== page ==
THE death of Diana, Princess of Wales, on 31 August 1997 still haunts the public imagination. I was involved in the BBC’s coverage of her funeral, and I will never forget the extraordinary atmosphere the night before, as crowds camped out along the Mall.
The grief pulsed through the air, and not only for Diana. People found themselves weeping for loved ones that they had never wept for. It was a public repudiation of the very British qualities of reticence and emotional restraint. Even at the time, it seemed terrible that William and Harry, the two bereaved princes, should have to walk publicly behind Diana’s coffin. There was an undertone of mutiny against the establishment, even rebellion.
In this anniversary year, we have been asked to remember the qualities with which Diana’s name is associated: kindness, compassion, and service. But we have also come to realise, in the years since her death, that she was a deeply troubled spirit, who arguably caused as much pain as she suffered. Her extraordinary charisma was built on a fragile sense of self. The huge emotions stirred by her death reflected all that was unresolved in her temperament. They also magnified tensions that were, and remain, unresolved in our society.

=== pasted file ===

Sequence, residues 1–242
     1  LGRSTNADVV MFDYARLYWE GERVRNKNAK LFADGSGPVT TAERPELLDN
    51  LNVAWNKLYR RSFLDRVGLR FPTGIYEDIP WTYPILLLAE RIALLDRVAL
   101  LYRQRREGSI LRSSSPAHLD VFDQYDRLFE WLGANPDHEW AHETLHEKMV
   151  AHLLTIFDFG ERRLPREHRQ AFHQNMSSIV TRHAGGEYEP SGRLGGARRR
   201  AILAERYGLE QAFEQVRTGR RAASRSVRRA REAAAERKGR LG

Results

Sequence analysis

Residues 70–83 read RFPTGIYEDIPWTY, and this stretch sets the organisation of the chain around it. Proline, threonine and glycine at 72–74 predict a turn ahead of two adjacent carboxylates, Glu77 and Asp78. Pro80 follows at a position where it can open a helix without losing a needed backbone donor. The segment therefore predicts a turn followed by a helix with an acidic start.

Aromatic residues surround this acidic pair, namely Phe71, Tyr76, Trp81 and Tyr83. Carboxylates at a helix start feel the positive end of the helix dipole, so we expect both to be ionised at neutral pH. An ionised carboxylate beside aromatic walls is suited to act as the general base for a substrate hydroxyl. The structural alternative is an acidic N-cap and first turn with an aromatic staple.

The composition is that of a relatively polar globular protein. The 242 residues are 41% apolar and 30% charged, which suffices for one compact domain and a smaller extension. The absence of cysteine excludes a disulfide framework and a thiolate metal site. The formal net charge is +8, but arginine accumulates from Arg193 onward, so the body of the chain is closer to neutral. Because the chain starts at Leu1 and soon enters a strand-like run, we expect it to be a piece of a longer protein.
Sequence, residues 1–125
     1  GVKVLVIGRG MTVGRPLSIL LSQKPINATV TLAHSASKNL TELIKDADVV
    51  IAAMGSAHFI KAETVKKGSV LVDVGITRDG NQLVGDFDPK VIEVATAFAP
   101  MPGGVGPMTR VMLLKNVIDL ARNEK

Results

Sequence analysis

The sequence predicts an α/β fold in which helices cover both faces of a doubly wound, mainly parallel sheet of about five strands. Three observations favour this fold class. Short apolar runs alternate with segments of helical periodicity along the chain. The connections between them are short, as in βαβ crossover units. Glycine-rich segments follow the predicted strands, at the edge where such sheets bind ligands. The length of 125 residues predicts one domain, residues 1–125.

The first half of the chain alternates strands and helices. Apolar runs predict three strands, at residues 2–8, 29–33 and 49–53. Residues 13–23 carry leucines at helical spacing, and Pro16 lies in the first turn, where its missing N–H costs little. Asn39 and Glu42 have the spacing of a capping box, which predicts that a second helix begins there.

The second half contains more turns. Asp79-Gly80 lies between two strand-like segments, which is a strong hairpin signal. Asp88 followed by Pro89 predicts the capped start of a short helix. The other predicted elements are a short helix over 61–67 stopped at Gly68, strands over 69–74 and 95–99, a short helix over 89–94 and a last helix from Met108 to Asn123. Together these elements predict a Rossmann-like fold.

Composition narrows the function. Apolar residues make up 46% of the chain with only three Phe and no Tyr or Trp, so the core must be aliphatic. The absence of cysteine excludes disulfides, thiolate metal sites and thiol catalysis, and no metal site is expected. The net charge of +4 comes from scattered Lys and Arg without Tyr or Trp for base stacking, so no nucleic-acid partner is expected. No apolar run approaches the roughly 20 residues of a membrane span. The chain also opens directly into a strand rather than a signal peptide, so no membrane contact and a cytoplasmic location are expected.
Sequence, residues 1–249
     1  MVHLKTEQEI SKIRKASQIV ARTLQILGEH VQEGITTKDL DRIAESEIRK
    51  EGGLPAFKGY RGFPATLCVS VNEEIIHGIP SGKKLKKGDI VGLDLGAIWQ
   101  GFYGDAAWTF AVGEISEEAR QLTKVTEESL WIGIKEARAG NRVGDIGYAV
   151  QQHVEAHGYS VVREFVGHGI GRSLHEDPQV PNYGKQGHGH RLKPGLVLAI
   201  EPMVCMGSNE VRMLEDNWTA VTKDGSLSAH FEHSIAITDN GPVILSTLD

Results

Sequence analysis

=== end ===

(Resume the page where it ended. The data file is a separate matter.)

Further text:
What we are now left dealing with is the legacy of her unreconciled characteristics. Her kindness, compassion, and sense of service are rightly remembered with thanksgiving. She worked hard to bring comfort to people who might otherwise have been shunned — AIDS sufferers among them.
Her determination to support the vulnerable has helped to transform public attitudes. There is much more concern now for injured and abused children, for service personnel wounded at war, for victims of terrorism and other disasters. Her example opened the way for the public displays of resilience after the Manchester and London bombings. She instinctively adhered to the fundamental theme of the gospel in her conviction that love trumps all.
But there are more negative aspects of her legacy which have also taken root among us. Diana played the marital victim with extraordinary skill, manipulating public sympathy in her cause. She has left us with a tendency to see the vulnerable as inevitable victims of Establishment plots and cover-ups. The debate over Sir Martin Moore-Bick’s suitability to chair the inquiry into the Grenfell Tower disaster has been worrying in this respect.
As professional activists vie to represent the victims, we should beware of giving ground to mob justice. Being able to identify oneself with a cause and emote in public are not always signs of virtue: savvy agitators and populist politicians regularly do both for their own ends.
Empathy is important, but, in the Christian pastoral tradition, empathy is linked to a measure of detachment to ensure that judgement is wise as well as kind.
“The day Diana died” - David Winter’s Diary